Because mining affects every major industry -- from manufacturing to transportation -- whatever influences mining, affects the lives and pocketbook of every American. Environmental regulations, ideological swings in government and market fluctuations are just a few of the outside pressures that affect mining and, in turn, the health of the nation's economy.
Because mining affects every major industry -- from manufacturing to transportation -- whatever influences mining, affects the lives and pocketbook of every American. Environmental regulations, ideological swings in government and market fluctuations are just a few of the outside pressures that affect mining and, in turn, the health of the nation’s economy.
The Comprehensive Environmental Response, Compensation and Liability Act; the Clean Water Act and the Resource Conservation and Recovery Act are federal regulations requiring mining companies to act as responsible stewards of the environment. These laws mandate that mining companies limit their damage to the environment by reporting and cleaning up release of hazardous substances into the environment and employing environmental safeguards, including the proper storage and disposal of hazardous waste.
A report on the mining safety program of the National Institute for Occupational Health and Safety explains how a political shift at the federal level can directly affect the research, enactment and enforcement of safety regulations in mining industries. For example, during the administration of Ronald Reagan, a number of research projects by the agency were either terminated or stopped before they began because the president’s science adviser believed applied research -- including mine safety research -- was beyond the purview of public agencies and should be left to the private sector.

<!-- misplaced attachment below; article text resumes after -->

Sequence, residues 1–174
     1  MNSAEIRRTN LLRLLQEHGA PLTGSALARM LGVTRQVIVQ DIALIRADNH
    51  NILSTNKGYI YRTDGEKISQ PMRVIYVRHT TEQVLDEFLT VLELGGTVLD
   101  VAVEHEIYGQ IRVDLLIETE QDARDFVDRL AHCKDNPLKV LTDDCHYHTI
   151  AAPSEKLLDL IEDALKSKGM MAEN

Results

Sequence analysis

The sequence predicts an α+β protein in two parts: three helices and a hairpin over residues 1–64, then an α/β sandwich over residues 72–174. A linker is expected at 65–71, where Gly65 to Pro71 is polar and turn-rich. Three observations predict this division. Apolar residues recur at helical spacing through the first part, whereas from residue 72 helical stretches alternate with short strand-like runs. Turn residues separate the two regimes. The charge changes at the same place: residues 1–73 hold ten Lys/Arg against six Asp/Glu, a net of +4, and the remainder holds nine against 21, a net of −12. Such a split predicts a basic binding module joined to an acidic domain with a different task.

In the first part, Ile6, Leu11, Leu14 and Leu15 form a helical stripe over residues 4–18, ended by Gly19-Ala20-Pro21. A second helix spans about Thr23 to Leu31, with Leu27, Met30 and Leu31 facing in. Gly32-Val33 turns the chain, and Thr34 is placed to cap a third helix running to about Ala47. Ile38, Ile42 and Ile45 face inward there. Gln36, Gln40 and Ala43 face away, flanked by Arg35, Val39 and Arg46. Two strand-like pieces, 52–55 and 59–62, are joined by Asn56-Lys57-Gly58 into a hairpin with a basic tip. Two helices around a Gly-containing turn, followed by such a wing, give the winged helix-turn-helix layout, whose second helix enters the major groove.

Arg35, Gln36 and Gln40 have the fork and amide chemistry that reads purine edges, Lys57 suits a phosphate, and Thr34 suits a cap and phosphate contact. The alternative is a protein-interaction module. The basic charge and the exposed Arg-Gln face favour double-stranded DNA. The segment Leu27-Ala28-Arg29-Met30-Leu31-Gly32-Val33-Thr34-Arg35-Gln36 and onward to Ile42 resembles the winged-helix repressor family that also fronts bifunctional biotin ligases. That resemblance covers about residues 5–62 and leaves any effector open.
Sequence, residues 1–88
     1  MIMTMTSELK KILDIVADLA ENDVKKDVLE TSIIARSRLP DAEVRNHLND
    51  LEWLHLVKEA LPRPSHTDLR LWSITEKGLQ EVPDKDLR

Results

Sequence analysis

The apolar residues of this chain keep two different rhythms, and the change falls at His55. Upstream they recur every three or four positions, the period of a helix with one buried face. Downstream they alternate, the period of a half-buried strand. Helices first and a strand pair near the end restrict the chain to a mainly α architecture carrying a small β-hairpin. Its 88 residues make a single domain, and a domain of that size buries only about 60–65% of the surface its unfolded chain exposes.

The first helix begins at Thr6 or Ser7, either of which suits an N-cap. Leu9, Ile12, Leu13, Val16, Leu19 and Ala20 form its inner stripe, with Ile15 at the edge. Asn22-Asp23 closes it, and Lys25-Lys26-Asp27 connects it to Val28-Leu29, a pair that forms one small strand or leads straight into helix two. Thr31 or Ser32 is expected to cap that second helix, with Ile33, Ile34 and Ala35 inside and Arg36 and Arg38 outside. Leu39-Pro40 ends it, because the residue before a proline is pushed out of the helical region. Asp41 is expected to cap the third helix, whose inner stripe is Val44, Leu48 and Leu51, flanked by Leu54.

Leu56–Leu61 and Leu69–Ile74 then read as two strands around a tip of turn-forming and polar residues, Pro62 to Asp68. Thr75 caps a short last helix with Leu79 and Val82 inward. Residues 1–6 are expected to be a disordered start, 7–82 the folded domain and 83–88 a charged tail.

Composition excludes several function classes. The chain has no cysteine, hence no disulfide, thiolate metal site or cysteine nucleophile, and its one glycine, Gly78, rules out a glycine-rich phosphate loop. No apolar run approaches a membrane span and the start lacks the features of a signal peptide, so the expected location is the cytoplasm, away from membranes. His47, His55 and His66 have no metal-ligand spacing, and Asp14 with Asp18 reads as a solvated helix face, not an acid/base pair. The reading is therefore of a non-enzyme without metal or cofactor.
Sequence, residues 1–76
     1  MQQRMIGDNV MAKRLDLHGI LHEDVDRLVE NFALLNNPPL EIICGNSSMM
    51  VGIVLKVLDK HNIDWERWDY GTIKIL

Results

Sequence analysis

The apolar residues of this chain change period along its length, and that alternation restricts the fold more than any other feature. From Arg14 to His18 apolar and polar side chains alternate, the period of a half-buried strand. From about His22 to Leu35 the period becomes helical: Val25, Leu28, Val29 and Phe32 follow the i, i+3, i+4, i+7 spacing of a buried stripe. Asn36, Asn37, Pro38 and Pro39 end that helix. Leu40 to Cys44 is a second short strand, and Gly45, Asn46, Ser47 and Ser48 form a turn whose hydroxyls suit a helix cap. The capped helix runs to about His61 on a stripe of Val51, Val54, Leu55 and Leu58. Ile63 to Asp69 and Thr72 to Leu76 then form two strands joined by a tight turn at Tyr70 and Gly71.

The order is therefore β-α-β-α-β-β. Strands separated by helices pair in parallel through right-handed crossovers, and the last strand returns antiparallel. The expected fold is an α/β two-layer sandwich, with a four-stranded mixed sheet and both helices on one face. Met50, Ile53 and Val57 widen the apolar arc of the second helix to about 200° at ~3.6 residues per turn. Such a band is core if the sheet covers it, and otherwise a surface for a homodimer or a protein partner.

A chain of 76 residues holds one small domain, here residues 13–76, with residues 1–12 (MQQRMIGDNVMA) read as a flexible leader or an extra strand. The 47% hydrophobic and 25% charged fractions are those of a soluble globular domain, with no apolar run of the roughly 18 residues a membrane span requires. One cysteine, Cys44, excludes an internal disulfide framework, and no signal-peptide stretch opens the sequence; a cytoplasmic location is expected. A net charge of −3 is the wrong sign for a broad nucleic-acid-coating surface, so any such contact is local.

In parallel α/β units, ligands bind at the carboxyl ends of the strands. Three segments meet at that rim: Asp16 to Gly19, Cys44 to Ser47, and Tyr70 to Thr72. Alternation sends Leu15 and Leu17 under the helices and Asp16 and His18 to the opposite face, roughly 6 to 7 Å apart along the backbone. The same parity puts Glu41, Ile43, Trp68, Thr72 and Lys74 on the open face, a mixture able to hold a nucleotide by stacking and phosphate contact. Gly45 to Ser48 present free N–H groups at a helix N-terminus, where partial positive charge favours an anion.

A University of Kentucky report explains how high transportation expense, especially when combined with low profit margins on mining product, can have a dramatic effect on general mining operations. In 1996, the high cost of hauling coal used for electricity production by truck at a time when the average price for such coal was low, forced Kentucky mining companies to boost production while simultaneously cutting mining and support jobs across the board. Some companies attempted to mitigate the high cost of transportation by turning to higher profit, lower volume markets in the metals and chemical industries.
Oversight and Market Fluctuation
A May 2011 press release from Mines Management, Inc., demonstrates the impact of government oversight and commodity prices on mining operations. In the release, the company tells investors work on its Montanore silver-copper project had been stopped because of delays in approval of its environmental impact survey and development operations at the site could be “deferred” if changes in commodity prices make the operation too expensive.
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